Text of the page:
The GH2 provides a visibly clearer video at 1080p, the gap increases somewhat with the use of patches to higher bit rates. The NEX-7 also produces visible moiré (e.g. on the brick walls of the channel-celled opposite wall). The NEX-7 videos look a bit warmer whereas the GH2 have more contrast - however, these differences can be relatively easily compensated in the postprocessing. Already with the standard (unhacked) firmware 1.1, at 50fps, the GH2 delivers with 720 lines (subsequently scaled to 1080 lines) nearly the same image quality as the NEX-7 with 1080p50. The NEX-7 profits by it's larger dynamic range and preserves highlights and shadows better. In terms of detail resolution, further improvements can achieved on the GH2 with current firmware hacks. So the NEX-7 has quite a large backlog in the video section compared to the GH2.
One additional note regarding the display and the viewfinder: The live view of the NEX-7 with default settings is significantly darker than that of the GH2 as it can be compared at the end of the video. The preview image of GH2 corresponds more realistic to the final recording. This resulted in significant overexposures during the first experiments with manual settings on the NEX-7. Therefore I recommend to raise the brightness of the display of the NEX-7 in the menu in order to receive a more realistic live-view.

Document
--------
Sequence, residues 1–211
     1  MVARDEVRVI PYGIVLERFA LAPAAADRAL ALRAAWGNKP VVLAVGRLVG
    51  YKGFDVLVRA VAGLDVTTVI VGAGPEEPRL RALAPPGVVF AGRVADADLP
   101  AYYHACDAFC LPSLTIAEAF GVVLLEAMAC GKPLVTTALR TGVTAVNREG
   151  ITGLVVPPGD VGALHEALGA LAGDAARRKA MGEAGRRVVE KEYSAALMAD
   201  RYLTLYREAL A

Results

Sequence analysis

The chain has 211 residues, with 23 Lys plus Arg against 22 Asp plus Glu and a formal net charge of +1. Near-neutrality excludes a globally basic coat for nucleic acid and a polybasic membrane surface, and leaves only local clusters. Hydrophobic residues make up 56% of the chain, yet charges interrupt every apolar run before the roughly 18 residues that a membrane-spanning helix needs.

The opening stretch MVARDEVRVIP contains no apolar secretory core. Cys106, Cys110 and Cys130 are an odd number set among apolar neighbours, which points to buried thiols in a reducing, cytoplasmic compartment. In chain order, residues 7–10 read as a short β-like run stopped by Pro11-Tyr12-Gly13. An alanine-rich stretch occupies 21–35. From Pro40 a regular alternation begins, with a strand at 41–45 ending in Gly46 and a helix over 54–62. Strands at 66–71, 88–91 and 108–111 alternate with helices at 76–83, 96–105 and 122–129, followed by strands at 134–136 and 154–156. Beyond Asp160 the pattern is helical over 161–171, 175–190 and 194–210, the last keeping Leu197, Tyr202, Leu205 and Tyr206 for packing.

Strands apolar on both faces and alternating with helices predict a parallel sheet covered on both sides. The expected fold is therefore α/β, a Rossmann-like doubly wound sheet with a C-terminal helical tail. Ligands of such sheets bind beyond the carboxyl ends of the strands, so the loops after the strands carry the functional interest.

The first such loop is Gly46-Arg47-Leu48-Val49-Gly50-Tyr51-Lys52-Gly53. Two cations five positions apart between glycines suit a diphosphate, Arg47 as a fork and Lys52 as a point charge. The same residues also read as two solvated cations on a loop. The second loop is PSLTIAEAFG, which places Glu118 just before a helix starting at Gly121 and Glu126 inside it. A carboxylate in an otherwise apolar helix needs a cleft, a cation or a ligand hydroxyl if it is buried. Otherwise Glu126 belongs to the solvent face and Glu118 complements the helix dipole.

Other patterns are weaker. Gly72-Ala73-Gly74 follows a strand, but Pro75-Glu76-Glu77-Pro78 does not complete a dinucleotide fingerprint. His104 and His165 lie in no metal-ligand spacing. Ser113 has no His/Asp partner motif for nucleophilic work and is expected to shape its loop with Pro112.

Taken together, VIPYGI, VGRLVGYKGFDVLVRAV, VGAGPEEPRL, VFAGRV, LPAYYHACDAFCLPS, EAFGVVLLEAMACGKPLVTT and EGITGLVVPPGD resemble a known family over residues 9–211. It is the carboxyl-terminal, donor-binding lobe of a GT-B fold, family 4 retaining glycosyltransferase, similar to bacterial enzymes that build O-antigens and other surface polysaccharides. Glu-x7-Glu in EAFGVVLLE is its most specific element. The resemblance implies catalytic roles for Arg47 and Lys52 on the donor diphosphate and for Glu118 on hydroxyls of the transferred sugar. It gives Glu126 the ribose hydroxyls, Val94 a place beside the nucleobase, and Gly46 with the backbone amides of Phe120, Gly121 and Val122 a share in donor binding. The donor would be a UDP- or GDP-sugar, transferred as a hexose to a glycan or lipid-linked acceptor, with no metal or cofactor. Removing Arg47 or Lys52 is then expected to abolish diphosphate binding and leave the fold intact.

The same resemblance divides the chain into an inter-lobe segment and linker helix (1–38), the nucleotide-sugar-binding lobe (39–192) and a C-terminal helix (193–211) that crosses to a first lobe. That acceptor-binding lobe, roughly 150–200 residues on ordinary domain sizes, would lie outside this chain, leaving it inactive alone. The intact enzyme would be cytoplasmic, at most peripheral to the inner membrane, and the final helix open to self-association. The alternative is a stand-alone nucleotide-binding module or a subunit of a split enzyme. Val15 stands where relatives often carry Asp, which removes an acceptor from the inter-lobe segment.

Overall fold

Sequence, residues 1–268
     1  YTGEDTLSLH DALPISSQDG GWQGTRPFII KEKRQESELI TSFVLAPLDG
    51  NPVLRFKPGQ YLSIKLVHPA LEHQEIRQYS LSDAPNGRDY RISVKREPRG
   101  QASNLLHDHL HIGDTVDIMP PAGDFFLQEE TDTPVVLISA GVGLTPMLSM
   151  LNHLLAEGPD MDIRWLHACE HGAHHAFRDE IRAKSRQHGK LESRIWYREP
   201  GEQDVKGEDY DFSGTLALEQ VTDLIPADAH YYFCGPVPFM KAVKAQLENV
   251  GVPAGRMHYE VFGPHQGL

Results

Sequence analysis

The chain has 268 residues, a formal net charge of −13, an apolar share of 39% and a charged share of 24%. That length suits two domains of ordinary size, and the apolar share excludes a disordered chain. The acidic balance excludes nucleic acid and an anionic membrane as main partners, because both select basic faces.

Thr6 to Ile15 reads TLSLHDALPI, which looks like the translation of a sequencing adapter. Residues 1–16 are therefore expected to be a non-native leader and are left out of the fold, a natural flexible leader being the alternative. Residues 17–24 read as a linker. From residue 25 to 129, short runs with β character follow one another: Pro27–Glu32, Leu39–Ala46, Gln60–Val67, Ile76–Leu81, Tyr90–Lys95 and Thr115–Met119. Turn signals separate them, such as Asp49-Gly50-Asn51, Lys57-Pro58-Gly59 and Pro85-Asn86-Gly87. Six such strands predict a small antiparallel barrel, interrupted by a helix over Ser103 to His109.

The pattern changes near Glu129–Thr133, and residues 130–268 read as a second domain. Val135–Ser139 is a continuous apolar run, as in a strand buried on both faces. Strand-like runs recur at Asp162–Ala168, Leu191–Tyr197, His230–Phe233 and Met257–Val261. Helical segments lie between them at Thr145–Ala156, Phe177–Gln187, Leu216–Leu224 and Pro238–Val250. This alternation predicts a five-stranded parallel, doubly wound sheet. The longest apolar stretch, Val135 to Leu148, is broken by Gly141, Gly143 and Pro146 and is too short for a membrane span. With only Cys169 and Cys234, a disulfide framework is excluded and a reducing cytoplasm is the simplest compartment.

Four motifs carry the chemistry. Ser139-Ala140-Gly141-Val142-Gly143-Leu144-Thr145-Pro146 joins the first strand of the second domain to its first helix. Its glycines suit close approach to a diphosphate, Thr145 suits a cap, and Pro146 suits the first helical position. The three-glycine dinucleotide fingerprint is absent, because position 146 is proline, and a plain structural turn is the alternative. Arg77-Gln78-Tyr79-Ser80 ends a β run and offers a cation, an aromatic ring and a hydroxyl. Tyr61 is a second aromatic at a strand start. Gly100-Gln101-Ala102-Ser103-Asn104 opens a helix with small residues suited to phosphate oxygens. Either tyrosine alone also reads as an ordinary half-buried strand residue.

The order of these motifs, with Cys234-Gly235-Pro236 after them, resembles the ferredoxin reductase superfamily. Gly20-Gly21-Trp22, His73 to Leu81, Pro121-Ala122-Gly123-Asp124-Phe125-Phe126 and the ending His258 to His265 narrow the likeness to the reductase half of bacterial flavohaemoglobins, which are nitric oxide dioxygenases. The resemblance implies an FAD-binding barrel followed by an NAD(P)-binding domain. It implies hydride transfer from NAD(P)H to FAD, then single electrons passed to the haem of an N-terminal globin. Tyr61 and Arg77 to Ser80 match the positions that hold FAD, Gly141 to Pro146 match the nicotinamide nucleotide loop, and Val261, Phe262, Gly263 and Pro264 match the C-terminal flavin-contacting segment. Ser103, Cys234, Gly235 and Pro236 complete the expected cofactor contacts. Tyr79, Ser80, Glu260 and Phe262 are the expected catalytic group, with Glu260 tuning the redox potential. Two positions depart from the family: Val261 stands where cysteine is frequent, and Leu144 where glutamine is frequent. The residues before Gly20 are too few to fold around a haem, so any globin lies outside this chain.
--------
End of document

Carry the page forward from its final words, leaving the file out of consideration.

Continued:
As some readers had doubts about correct focus selection or bad influence of a too shallow depth of field due to the slightly larger APS-C sensor and the need to select an about 1/2 step wider open aperture on the NEX-7 due to its lower ISO sensivity, I went back to that location to take a series of still photos with the same focus and aperture settings as used in the video (simple to reproduce because the focus of the manual lens was set to the end position for "infinite"). The images were bilineary scaled (without sharpness transformation) to 1920x1280 pixel afterwards and finally cropped to 1920x1080. Here you can see the result:
The image was taken with F4.5 which was the most open aperture used during the video test recordings. You can see the sharpness that potentially could have been achieved and you can see that unsharpness due to out-of-focus rendering were nothing to doubt about. Further images taken with other viewing directions can be seen here.